I Read a Book!

June 22, 2010 at 10:57 am (By Amba)

That’s news.  I can’t tell you what was the last one I read, or when.  The last one I vividly remember reading was this one — a strangely gripping and grieving tale of species extinction (discussed in the second half of this column).  (Icepick, you’d love/hate this book — it’s by a Florida native and is about the destruction of Florida, summed up in the extinction of one bird.)  That was in . . . omigod.  November 2008.  I’ve read a book since then.  Haven’t I?  [silence]

Anyway, I’ve been feeling the need to dive into a lake of words, if not the ocean, after splashing in Twitter’s backyard inflatable pool too long.  Also, unpacking my books, and seeing all the ones I’ve never read but want to, has reawakened book-greed.

The book I read was Acedia & Me, by Kathleen Norris.  (Thumbnail review:  it’s disorganized and has a few dry, preachy stretches, but there are many startling insights in it.)  It was a book I needed to read just now because acedia (a combination of sloth, indifference, and cynicism once regarded as the deadliest of sins) was a self-inflicted malady I was succumbing to.  Maybe that’s the secret to reading a whole book:  you have to need it.

But I think I also just needed to read a book. Maybe a lot more than just one.  Maybe my attention was caught by this statement in Roger Ebert’s blog post about Twitter:

I’ve made a change recently. After writing my blog, “The quest for frisson” and reading two recent articles about internet addiction, I have looked hard at my own behavior. For some days now I have physically left the room with the computer in it, and settled down somewhere to read. All the old joy came back, and I realized the internet was stealing the reading of books away from me. Reading is calming, absorbing, and refreshing for the mind after hectic surfing. […] I like the internet, but I don’t want to become its love slave.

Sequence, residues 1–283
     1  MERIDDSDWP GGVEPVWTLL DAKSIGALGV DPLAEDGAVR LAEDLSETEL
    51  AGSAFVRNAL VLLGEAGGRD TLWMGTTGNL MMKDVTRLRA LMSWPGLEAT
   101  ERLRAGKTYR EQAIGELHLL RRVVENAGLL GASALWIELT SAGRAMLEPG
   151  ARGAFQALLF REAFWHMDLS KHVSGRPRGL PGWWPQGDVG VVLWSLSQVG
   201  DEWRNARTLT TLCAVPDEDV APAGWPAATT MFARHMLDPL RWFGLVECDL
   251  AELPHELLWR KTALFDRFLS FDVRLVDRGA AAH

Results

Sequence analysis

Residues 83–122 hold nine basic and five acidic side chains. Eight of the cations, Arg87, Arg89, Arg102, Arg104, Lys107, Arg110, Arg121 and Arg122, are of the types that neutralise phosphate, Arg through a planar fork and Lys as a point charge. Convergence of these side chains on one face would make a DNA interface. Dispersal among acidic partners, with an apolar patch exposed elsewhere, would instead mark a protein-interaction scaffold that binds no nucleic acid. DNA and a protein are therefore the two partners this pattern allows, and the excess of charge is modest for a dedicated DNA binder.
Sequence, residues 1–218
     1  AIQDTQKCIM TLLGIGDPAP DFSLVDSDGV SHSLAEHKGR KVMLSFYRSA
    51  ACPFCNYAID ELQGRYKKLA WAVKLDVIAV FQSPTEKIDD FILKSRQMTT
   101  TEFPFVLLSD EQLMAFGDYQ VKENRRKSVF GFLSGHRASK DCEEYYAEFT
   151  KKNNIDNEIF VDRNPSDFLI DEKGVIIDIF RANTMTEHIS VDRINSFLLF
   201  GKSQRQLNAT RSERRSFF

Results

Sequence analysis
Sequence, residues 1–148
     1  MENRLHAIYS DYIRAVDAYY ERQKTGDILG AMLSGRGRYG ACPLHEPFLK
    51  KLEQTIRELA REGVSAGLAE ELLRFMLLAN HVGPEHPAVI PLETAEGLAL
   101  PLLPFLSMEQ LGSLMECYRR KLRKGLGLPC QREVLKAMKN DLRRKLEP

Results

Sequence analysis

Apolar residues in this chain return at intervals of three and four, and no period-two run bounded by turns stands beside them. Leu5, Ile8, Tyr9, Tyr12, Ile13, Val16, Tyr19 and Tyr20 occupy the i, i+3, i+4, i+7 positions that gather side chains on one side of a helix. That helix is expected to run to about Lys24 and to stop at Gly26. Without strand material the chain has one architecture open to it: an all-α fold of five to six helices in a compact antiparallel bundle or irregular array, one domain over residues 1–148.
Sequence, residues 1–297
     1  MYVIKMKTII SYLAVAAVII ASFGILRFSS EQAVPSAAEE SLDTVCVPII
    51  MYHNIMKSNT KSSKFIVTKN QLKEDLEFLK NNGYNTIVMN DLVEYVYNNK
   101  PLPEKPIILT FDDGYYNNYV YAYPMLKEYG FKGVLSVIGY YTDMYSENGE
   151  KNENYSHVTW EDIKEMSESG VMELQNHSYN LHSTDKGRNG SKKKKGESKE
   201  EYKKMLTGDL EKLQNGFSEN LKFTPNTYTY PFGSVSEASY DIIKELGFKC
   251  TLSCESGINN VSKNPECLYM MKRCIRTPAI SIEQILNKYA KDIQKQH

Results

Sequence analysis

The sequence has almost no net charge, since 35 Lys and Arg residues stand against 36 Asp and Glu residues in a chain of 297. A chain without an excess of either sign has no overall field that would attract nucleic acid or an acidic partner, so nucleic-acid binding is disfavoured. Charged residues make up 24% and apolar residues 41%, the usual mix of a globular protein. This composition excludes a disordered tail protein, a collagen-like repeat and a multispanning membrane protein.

The Internet was coming to feel like a shallow puddle in which I was fretfully seeking what can only be found in the depths.  Next I’m going to dive into two books I had meant to read and discuss with @chickelit months ago:  memoirs of the German resistance to Hitler by Helmuth von Moltke and his wife Freya.

Of course, an added factor besides frenzied Internet fragmentation — frequent interruption by the requirements of caregiving — makes it difficult for me to read a book (and easy to hop in and out of the tweetstream or blogiverse).  Since childhood I have been notorious for getting lost in a book to the neglect and active exclusion of everything else.  I’d bring my book to the dinner table and would have to be physically pried apart from it.  The absorption a good book invites can be a torment when you keep getting torn away.  But even the tenacity of longing for and preoccupation with a book may help to “knit up the ravell’d sleave” of a mind shredded by distractions.

Bonus:  cats like it much better when you read a book.


  1. PatHMV said,

    Speaking of needing to read certain books… Several years ago, I bought a book on procrastination, and how to overcome it. It was rather unsettling to read, as it seemed to have a lock on my exact mental processes involved in procrastination. It was, frankly, so uncomfortable that I said it aside for a bit, just splayed open on the last page I was reading, tucked on top of a shelf of books.

    Several months later, I picked up the book again. I turned to the next page from where I had stopped. The first words on the page were: “It has now probably been several months since the last time you looked at this book…”

    I’m sorry to say, I put it right back down again. Just too creepily accurate!

  2. amba12 said,

    LOL! Reminds me of the supplement called Vital Memory that (at a low point of stress and menopause over a decade ago) I bought and then kept forgetting to take!

    (I actually did eventually manage to start taking it, thought it helped, and still do.)